This week’s article is kindly provided for me by Anthony Pizzo, whose Tiki Room experiences are more recent than mine! Unfortunately, he wasn’t able to log in for himself.
Prohibition went into effect in the United States on January 17, 1920, forcing drinking underground and causing a bootlegging boom. Established crime syndicates immediately got in on the action, but so did a lot of otherwise ordinary people, who traveled to nearby countries – especially island nations in the Atlantic and South Pacific – where alcohol wasn’t vilified in order to pick up stock. In many cases smuggling became a family affair, which is how a young man named Ernest Beaumont-Gantt came to visit many South Pacific islands with his father and develop a keen interest in the cultures found there. When prohibition ended in 1933, Ernest took what he had seen and distilled it into a themed bar and restaurant in Hollywood called Don’s Beachcomber – later Don the Beachcomber – America’s first Tiki-themed bar, and the ostensible flashpoint in the country’s interest in so-called Tiki Culture.
Historical and cultural dominos continued to fall from there, including multiple Hollywood films set in tropical locales, the opening of Trader Vic’s (directly inspired by Don’s Beachcomber), servicemen stationed in the South Pacific during World War II, the novel Kon-Tiki, and affordable air travel. All of which to say that the American fascination with Tiki Culture was well-sustained for over 30 years by the time Walt Disney’s Enchanted Tiki Room opened at Disneyland in 1963.
As with many Disneyland attractions, development of the show happened in tandem with the development of new technology. While on a trip to New Orleans, Walt Disney acquired a small mechanical bird, which he then passed on to WED Enterprises (now Walt Disney Imagineering), believing they could improve on the basic idea. It was electrician Lee Adams who modified the bird until it became what would be called an Audio-Animatronic, a robot which can move in sync with self-projected audio. Originally, the singing birds were going be entertainment in a restaurant, but that idea was quickly nixed when Walt found the birds too entertaining. (He also, probably correctly, assumed that patrons wouldn’t leave the restaurant, for want of seeing what the birds would do next.)
Though the show would eventually obtain corporate sponsorship, which is how most Disney rides get built and pay for maintenance/upkeep, Walt financed the Tiki Room out of his own pocket, which is why the full name of the attraction is Walt Disney’s Enchanted Tiki Room and why, for its first several years of operation, the Tiki Room had a separate paid admission of 75 cents. (Meaning it was not covered by the book of attraction tickets one could buy upon entering the park. Click here to learn more: https://www.the-solute.com/disney-byways-tickets/)
The show is a musical revue, featuring performances from various birds, plants, and Tiki idols, the first of which is “The Tiki, Tiki, Tiki Room.” While probably less well-known than “Yo Ho (A Pirate’s Life For Me)” or “Grim Grinning Ghosts,” chances are you if you start singing the song, chances are good that someone will be able to join in. This is one of two original songs written for the show by the Sherman Brothers (the other being “Let’s All Sing Like the Birdies Sing”), and it immediately sets the tone as a lighthearted, funny tribute to the music and approximation of Polynesian culture. In many instances that crosses over into appropriation, but based on a handful of critiques from Native Hawaiian there appear to be fewer heinously offensive aspects than you might expect from a musical comedy conceived in the 1960s by a bunch of largely white men.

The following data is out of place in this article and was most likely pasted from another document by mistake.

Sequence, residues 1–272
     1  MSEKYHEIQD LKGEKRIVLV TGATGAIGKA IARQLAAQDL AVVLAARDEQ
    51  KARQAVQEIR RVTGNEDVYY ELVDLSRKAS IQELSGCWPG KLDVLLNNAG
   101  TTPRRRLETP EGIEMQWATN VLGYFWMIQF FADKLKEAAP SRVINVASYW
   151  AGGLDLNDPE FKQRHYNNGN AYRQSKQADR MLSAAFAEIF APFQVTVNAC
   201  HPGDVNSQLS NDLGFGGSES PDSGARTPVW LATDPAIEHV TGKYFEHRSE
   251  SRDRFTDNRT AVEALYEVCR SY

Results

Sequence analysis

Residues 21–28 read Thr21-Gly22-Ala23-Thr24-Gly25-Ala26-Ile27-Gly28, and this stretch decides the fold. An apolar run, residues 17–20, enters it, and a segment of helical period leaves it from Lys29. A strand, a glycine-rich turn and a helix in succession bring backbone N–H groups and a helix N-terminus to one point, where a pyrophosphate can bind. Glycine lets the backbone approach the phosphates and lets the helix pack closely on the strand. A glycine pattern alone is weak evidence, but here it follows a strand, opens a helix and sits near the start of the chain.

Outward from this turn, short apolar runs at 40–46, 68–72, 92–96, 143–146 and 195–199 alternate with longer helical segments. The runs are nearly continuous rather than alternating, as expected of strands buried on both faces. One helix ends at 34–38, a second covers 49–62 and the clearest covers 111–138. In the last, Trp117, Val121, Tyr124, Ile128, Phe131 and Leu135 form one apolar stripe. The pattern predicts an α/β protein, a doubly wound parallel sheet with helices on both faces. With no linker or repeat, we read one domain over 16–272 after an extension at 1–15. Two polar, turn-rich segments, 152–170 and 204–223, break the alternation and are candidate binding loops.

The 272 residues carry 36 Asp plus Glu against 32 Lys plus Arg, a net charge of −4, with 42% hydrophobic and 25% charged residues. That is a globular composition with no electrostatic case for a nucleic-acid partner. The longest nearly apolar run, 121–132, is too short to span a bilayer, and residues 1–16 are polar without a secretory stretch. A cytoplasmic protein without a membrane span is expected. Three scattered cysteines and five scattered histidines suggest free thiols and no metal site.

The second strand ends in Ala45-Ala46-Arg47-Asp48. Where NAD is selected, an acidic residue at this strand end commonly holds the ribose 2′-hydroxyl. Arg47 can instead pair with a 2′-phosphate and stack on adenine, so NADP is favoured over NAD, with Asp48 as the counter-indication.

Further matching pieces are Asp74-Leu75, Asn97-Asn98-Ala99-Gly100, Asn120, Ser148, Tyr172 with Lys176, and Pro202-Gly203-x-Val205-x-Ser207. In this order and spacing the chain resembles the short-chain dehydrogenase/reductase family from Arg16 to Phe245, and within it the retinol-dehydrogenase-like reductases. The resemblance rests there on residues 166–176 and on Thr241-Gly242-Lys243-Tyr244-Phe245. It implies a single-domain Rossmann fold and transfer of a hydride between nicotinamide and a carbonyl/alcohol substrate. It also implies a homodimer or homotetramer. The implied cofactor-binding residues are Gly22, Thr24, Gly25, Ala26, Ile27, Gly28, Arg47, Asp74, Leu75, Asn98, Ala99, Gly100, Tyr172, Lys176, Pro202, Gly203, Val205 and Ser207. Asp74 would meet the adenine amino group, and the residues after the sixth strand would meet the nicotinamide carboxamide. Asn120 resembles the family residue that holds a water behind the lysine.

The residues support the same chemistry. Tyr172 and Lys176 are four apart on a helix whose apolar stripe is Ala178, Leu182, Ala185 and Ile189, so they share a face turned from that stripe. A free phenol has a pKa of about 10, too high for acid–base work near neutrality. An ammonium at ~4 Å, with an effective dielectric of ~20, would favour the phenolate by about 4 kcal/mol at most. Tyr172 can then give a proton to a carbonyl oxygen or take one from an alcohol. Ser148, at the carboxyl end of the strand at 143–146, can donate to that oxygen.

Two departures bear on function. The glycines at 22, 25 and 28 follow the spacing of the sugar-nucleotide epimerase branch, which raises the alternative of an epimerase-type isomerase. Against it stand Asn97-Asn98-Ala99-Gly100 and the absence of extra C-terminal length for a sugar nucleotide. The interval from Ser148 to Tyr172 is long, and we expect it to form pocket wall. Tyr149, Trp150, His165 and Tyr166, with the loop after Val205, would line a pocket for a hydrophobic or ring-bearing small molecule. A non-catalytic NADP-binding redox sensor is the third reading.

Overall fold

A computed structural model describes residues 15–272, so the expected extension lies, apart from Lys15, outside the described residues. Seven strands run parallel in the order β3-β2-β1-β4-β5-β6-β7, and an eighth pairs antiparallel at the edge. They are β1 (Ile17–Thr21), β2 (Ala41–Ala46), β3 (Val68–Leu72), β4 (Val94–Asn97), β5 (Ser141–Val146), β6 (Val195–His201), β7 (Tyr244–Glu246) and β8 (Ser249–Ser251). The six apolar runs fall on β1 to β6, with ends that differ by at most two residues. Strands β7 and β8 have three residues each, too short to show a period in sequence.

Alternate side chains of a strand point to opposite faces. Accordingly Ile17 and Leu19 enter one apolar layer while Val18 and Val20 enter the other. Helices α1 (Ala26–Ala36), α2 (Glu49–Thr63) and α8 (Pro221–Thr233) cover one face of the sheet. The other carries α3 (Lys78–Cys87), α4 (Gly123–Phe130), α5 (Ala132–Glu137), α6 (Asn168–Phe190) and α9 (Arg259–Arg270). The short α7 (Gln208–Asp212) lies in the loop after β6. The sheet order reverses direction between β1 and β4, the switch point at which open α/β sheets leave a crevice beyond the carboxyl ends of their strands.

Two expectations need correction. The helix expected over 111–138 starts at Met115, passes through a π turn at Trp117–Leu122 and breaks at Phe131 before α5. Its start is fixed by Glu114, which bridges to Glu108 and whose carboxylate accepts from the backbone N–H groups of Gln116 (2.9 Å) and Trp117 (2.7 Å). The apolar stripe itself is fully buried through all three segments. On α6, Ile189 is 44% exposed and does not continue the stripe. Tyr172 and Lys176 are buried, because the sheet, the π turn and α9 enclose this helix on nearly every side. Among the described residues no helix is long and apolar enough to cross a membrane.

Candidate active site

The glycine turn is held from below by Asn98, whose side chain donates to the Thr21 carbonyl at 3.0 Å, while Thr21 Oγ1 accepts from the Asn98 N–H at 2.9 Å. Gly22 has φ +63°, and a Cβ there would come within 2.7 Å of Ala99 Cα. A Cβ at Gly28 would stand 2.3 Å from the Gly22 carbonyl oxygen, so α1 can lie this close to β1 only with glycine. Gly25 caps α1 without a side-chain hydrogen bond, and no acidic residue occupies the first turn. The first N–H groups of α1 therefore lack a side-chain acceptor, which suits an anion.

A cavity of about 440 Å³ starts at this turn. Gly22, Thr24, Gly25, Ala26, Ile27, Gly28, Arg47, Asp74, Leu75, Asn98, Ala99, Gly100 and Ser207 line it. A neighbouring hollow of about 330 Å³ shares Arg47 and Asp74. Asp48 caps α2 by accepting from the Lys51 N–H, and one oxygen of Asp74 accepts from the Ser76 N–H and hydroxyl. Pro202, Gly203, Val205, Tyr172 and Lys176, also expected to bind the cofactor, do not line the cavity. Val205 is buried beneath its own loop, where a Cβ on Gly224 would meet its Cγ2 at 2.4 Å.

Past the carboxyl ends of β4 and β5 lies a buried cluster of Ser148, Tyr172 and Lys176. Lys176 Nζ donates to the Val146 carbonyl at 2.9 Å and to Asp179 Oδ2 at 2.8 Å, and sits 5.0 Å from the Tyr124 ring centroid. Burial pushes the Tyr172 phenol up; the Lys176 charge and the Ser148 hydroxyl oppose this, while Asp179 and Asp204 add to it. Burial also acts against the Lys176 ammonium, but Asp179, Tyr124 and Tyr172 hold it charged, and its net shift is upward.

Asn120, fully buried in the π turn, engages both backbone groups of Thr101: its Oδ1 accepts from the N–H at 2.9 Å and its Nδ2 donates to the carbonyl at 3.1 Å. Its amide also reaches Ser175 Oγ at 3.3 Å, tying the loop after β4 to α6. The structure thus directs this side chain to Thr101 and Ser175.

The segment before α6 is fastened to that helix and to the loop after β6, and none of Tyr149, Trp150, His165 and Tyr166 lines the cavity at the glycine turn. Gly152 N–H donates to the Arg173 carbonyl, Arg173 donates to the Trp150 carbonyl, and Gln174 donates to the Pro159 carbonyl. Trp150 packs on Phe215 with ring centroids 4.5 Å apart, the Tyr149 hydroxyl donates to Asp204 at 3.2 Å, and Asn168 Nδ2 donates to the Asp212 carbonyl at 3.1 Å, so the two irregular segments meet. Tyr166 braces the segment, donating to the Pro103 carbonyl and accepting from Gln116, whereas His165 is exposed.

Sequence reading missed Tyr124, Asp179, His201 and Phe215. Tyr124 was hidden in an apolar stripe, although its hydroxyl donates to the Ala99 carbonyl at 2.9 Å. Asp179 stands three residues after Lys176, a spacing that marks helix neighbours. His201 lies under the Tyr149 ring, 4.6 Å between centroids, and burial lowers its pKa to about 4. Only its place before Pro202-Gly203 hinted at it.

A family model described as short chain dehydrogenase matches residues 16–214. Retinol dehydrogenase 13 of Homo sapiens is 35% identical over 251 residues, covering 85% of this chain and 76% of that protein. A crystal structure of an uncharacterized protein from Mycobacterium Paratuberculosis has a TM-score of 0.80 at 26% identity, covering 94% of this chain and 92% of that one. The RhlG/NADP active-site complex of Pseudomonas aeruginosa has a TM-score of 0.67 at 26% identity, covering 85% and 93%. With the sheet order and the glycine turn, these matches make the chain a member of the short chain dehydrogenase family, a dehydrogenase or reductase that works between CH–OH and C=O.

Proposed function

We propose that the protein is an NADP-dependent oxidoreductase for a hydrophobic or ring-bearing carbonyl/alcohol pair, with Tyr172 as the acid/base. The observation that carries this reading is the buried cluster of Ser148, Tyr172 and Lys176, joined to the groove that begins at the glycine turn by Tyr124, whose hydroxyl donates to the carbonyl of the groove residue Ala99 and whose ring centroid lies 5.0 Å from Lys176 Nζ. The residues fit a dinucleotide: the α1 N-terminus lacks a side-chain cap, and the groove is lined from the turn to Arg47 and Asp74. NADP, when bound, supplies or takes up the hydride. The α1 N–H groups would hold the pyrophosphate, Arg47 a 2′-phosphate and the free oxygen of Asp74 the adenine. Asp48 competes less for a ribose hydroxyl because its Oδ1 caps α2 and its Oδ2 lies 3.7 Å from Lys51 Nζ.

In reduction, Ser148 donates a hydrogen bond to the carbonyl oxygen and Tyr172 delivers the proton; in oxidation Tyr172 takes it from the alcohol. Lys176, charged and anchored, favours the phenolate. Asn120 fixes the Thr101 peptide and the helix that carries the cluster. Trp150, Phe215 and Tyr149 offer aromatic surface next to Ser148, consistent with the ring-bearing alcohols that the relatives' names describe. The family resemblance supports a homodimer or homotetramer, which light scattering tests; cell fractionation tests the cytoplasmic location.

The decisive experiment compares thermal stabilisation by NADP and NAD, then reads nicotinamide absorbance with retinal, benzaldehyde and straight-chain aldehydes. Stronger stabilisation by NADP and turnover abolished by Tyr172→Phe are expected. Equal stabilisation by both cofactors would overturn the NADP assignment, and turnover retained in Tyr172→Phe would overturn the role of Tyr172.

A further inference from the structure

As mentioned much further above, the affordability of post-war air travel helped to codify Tiki Culture in America, and cemented Pacific islands like Hawai’i as tourist destinations, so it was fitting that the first sponsor of Walt Disney’s Enchanted Tiki Room was United Airlines. They remained the sponsor for the first 12 years of the show, after which the Dole Food Company took over.* If United Airlines was a fitting sponsor, Dole was a darkly ironic one, as the family was instrumental in the coup d’état by Pro-American business interests which deposed Queen Lili’uokalani and overthrew the native Hawai’ian government in 1893. (Sanford B. Dole was named president of the Provisional Government of Hawai’i, and six years later his cousin James arrived on the island and founded what would become Dole Pineapple.)
Despite its age, Walt Disney’s Enchanted Tiki Room is still very popular with guests. There was an attempt to update it with The Enchanted Tiki Room: Under New Management, which featured two Disney Renaissance characters (Iago and Zazu), a handful of pop song parodies, massive amounts of grating irony and cynicism, and was generally more culturally insensitive. This had a relatively brief reign of thirteen years before a fire destroyed one of the key new animatronics, and a shortened version of the original show was restored. It’s a charming, slightly hokey show, but it turns out the allure of the region is as strong as ever, and the worst thing one can do it overthink it.
*There wasn’t a place for this in the main body, but no discussion of Walt Disney’s Enchanted Tiki Room and its Dole sponsorship would be complete without mention of the iconic Dole Whip. However, despite feeling like it’s always been there, the Dole Whip was only introduced in 1984.